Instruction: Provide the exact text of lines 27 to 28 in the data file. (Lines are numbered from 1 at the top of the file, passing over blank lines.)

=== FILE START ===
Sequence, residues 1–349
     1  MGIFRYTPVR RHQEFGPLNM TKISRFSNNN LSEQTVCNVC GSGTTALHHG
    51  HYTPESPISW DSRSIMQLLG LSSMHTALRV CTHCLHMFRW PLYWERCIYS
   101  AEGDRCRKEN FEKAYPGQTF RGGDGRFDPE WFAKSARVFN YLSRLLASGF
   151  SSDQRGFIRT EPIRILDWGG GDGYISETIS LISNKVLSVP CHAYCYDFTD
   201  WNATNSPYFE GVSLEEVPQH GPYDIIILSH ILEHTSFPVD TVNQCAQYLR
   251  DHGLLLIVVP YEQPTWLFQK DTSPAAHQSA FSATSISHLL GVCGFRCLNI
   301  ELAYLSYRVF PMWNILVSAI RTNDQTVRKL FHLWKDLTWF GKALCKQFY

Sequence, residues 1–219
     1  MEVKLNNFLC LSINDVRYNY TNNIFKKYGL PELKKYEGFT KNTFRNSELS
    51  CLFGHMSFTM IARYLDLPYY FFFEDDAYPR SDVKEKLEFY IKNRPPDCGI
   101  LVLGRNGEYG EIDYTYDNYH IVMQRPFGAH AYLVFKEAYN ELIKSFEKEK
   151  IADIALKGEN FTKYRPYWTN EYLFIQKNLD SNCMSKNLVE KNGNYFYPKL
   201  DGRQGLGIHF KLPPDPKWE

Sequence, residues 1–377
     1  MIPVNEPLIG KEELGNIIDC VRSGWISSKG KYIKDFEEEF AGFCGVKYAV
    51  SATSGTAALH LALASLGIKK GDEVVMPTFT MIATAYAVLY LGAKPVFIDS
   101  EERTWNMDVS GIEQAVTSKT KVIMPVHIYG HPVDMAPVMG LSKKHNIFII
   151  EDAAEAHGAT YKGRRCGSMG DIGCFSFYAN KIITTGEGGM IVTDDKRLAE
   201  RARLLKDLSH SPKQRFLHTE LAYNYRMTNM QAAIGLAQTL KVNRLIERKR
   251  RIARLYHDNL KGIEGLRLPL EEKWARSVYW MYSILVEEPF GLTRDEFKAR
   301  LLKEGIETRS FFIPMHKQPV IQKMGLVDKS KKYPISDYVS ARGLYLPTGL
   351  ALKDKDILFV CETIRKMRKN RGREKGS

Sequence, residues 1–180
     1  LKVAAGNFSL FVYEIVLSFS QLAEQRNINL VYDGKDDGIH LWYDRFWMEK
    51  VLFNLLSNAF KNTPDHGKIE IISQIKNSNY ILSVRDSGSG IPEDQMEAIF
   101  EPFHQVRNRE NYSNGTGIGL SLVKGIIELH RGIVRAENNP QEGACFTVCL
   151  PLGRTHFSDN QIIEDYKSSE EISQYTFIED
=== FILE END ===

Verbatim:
   101  EPFHQVRNRE NYSNGTGIGL SLVKGIIELH RGIVRAENNP QEGACFTVCL
   151  PLGRTHFSDN QIIEDYKSSE EISQYTFIED